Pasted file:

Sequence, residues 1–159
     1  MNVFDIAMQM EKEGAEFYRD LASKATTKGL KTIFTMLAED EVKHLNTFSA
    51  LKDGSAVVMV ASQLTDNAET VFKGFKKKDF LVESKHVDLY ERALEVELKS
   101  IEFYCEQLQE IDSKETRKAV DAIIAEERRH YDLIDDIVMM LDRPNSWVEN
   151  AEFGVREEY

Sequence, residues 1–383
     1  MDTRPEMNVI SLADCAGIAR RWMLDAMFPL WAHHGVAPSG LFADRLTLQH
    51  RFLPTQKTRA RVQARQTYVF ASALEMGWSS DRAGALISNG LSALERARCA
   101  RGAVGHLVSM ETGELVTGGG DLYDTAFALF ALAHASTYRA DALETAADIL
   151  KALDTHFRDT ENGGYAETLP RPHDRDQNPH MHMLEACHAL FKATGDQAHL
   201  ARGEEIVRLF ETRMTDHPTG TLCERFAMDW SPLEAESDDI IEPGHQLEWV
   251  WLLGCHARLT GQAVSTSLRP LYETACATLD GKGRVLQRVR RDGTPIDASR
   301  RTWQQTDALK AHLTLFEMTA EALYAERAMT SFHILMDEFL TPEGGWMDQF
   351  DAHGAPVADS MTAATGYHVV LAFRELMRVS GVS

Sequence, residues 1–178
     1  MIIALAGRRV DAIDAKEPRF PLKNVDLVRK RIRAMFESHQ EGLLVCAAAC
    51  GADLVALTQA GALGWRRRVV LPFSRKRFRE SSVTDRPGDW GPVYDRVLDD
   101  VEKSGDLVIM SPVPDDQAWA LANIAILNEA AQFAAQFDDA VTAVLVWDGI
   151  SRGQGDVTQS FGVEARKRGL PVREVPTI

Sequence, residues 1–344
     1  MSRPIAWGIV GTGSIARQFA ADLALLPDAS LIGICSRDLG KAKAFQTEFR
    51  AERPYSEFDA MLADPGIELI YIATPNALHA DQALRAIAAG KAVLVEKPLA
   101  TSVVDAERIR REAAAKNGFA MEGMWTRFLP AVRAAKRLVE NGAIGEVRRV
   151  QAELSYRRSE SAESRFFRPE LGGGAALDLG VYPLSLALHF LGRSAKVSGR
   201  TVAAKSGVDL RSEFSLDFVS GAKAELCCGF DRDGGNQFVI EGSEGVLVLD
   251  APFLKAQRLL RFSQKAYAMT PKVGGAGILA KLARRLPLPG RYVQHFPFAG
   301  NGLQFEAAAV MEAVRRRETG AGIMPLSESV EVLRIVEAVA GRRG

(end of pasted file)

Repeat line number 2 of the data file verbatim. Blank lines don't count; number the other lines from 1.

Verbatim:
     1  MNVFDIAMQM EKEGAEFYRD LASKATTKGL KTIFTMLAED EVKHLNTFSA